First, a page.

Nativity of Our Lord and Savior

Nativity Icon from St. George Melkite Church of Milwaukee, Wisconsin

The Feast of the Nativity of Christ

A Collection of Reflections

by Frances Collie


About the Icon of the Nativity of Christ

The Nativity Sermon of Saint John Chrysostom


The Feast of the Nativity of Christ is a celebration of both the Incarnation and re-creation of the world in Christ. The liturgical texts for the feast are reflected and represented in the icon. The icon reproduces in artistic designs and harmony the details of the narratives of the Gospels. We see in the icon what our hearts have already heard and sung.

“Today the Virgin gives birth to Him who is above all being, and the earth offers a cave to Him whom no man can approach ‘The whole creation is made rich: let it rejoice and be of good cheer. The Master of all has come to live with His servants, and from the bondage of the enemy. He delivers us who were made subject to corruption (Rom. 8.20,21). In swaddling clothes and lying in a manger, He is manifest a young child, the pre-eternal God.’

The ray of light from heaven shines over the place of the Incarnation and points directly to the Christ-child who lays in the manger. In another text we see that all creation is involved in an act of gratitude and welcome to the Incarnate God:

“What shall we offer Thee, O Christ, who for our sakes has appeared on earth as man? Every creature made by Thee offers Thee thanks. The angels offer Thee a hymn; the heavens a star; the Magi, gifts; the shepherds, their wonder; the earth, its cave; the wilderness, the manger: and we offer Thee a Virgin Mother, O pre-eternal God, have mercy on us.’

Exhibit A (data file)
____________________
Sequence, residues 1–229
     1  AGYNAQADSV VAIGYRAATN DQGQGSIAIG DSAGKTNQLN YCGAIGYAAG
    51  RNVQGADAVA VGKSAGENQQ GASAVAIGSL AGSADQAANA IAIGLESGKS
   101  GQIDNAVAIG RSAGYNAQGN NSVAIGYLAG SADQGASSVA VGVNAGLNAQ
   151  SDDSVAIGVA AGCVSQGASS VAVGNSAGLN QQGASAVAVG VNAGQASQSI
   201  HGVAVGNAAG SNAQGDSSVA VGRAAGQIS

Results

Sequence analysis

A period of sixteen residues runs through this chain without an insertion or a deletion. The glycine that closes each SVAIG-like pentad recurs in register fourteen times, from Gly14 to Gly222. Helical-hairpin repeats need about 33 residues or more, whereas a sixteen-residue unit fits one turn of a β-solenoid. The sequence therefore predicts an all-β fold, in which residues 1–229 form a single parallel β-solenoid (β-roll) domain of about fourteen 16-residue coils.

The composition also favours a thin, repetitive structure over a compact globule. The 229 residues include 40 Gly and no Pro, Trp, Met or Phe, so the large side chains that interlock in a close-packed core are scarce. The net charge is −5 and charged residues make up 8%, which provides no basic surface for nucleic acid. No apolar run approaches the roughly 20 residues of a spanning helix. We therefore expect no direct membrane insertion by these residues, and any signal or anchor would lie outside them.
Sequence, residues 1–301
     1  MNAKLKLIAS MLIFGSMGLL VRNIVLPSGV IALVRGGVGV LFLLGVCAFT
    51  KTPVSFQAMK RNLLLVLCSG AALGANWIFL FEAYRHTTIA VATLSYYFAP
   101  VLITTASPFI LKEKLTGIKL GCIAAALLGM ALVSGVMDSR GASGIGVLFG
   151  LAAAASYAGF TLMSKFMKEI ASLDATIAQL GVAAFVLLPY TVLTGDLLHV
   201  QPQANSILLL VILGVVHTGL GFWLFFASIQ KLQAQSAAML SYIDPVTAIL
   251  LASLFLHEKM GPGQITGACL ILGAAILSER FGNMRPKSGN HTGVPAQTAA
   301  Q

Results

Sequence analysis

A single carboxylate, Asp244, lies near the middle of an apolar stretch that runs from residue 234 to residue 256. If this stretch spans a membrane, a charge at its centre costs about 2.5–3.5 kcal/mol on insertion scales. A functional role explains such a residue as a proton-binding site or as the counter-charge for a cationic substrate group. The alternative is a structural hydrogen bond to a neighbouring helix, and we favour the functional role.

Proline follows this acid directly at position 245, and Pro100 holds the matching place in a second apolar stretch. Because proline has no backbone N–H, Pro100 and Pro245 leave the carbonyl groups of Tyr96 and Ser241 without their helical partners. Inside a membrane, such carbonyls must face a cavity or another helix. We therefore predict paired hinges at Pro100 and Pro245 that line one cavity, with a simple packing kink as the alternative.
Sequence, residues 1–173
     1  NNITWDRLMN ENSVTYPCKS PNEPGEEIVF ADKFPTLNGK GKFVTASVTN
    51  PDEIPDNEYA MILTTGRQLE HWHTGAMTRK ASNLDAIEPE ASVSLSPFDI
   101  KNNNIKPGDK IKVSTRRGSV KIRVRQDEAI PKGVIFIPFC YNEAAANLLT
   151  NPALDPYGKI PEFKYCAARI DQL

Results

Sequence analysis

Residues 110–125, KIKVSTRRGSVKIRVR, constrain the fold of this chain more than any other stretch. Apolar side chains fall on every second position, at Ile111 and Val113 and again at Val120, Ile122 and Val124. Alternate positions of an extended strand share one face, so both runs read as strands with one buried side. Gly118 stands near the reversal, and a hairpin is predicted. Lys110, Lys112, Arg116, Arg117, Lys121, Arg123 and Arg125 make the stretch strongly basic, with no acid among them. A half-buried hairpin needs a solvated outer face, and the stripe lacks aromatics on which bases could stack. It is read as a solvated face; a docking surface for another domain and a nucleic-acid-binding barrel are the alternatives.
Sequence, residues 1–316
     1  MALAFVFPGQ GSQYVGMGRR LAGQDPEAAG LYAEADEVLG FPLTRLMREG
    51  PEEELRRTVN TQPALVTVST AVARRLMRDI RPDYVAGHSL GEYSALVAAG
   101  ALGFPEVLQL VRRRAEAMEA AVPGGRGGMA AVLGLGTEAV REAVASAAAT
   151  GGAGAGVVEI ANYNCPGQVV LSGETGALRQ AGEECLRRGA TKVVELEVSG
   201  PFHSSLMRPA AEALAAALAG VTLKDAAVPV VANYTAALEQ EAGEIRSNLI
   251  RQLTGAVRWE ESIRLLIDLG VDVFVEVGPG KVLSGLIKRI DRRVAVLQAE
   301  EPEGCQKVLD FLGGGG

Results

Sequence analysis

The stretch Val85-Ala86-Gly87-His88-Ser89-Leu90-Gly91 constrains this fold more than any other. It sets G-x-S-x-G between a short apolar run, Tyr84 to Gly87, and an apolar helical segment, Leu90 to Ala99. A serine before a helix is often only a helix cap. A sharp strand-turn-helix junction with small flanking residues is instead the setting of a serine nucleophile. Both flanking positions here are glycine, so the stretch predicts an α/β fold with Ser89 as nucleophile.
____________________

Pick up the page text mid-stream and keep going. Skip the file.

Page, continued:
The ox and the ass in the icon looking down on the Christ-child represent the fulfillment of Isaiah 1.3 The ox knows its owner and the ass its master’s crib – i.e., the animal creation joins in recognition of the Incarnation of the Son of God.

The Virgin Mother lies in the center of the icon, as the second Eve. Just as the first Eve was the ‘mother of all living’ (Gen.3.20) so the Virgin Mother of God is the Mother of the new humanity restored and deified through the incarnation of the Eternal Son. She is dressed in royal purple and outstretched in majesty. She is lying down because he is tired, her maternity is real and not an illusion.

The angels praise and glorify God and bring the message to the shepherds, one of whom looks in wonder and the other plays his pipe in celebration. If the shepherds symbolize simple folk and the Jewish people, the Magi symbolize wise and learned people, and the Gentile nations.

Below the Virgin, women deal with the practical consequences of a human birth – the washing of the baby. Their function in the icon is to stress the true humanity of the Incarnate God, against heretical teaching that Christ only appeared to be human. This is to show that Christ is a real human who requires caring for all His human needs.

At the bottom left corner of the icon sits Joseph, the one who is not the father of the child, and who represents those who cannot comprehend the wonder of this event, which is beyond the natural order of things. An old shepherd Thyros, representing the devil, is stirring more doubts in his heart, telling him that something went wrong with the mother because there is no human child ever without a human father. A virgin birth is not possible; it goes against all the laws of nature. The face of the Virgin is turned towards Joseph – a symbol of compassion for those beset by doubts in believing.

The homily details in the icon along with the rich coloring help to convey something of the joy of the feast.